Alasse's Reviews > Logicomix: una búsqueda épica de la verdad

Logicomix by Apostolos Doxiadis
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Dec 26, 11

bookshelves: comic-books, metafiction
Read from December 24 to 26, 2011

I've always believed that looking for expecting a perfect solution inevitably leads to extremism - for me, integrists are simply people who have become too lost in theory. They're not monsters - they're just people with strongly held beliefs who have forgotten that, more often than not, one has to tolerate a certain degree of uncertainty, even compromise, in order to reach a valid conclusion. Otherwise, you run the risk of losing touch with reality.

I went to a Catholic school until I was 18, so I know full well that arguing this point isn't exactly easy. It doesn't matter how reasonable and conciliatory it sounds in your head - people will accuse you of moral relativism, even cowardice. Well, apparently there was someone who made this point long before I did - Bertrand Russell, a philosopher and public figure known for his high moral integrity. Oh, and also, a logician. Take that, stupid teenage classmates!

Interestingly enough, his story is told in a very metafictional way. I've always felt attracted to metafiction exactly because of this reason. By metafiction I mean experiments like Fables, Vol. 1: Legends in Exile, in which the author subverts an original storyline and saves only the most essential plot points in order to play with parallelism. I get a kick out of it every single time, because it reminds me of how very little of what we take for granted is in fact essential - to a story, to a person, or to a way of life. There's something morally very powerful about that.

Then there's the other sort of metafiction, in which the author breaks the fourth wall and draws attention to the fact that the book is, precisely, a book. I'm a big fan of that too, but in this case it definitely doesn't work. To begin with, there's too much of it - the authors keep interrupting the plot to explain what just happened and where they plan on going next. This doesn't enhance, subvert or question anything - it's just sloppy. It reads like they got overexcited and wanted to include much more than they thought the storyline could contain. "See what we did there? We're drawing a parallel between The Oresteia and Russell's foundational quest! Get it?". I understand that this is related to the self-referential theme, but it still feels like cheating. You don't use metafiction for cheating!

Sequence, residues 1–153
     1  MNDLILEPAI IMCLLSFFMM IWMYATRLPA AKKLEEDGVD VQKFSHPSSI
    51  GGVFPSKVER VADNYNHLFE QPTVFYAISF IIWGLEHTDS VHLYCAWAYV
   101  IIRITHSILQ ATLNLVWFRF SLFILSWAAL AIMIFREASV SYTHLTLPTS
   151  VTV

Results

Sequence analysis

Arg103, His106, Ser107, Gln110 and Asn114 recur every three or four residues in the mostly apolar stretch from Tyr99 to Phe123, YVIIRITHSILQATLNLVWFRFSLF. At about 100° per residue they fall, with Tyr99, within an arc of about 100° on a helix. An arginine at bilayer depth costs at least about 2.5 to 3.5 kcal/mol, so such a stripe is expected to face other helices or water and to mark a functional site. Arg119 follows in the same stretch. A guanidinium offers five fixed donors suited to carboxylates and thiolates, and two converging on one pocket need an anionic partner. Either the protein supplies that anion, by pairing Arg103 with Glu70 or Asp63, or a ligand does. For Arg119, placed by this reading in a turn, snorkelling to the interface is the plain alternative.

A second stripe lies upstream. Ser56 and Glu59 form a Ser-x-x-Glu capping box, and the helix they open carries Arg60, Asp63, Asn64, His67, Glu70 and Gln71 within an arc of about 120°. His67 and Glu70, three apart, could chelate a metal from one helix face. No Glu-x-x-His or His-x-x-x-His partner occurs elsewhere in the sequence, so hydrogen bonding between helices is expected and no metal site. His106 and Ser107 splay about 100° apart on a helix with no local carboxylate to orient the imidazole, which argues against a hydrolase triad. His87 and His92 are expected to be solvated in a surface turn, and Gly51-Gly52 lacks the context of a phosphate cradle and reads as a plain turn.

Anyway, Russell's life story was fascinating, and it's made me want to read both Russell and The Oresteia, so I'm very happy I read it.
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Comments (showing 1-4 of 4) (4 new)

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Jayme Yes! Super nerdy fun! Is this on your new, sparkly, unicorn-covered ipad?


Alasse UNICORNS! No, this one I have on paper. I kinda want to get it out of the way now :o) it is super nerdy but it's not on my iPad! And also, I'm finding the narrative super annoying.


Jayme Great review, Alasse. And even though I gave it five stars, I totally agree with you. They use breaking the fourth wall as a way to insert tons of exposition, which I always disapprove. I've given tons of books crap for that...not sure why I was so lenient with this one. I think it was just soooo nerdy and super interesting that I had to give it to them for doing something cool and outside the box.


Alasse Thanks! Yeah, that's why I gave it 3 stars - I think I'm trying to punish it or something. But it's probably a 4-star book, all in all. I might upgrade it when I've cooled off a little bit :D


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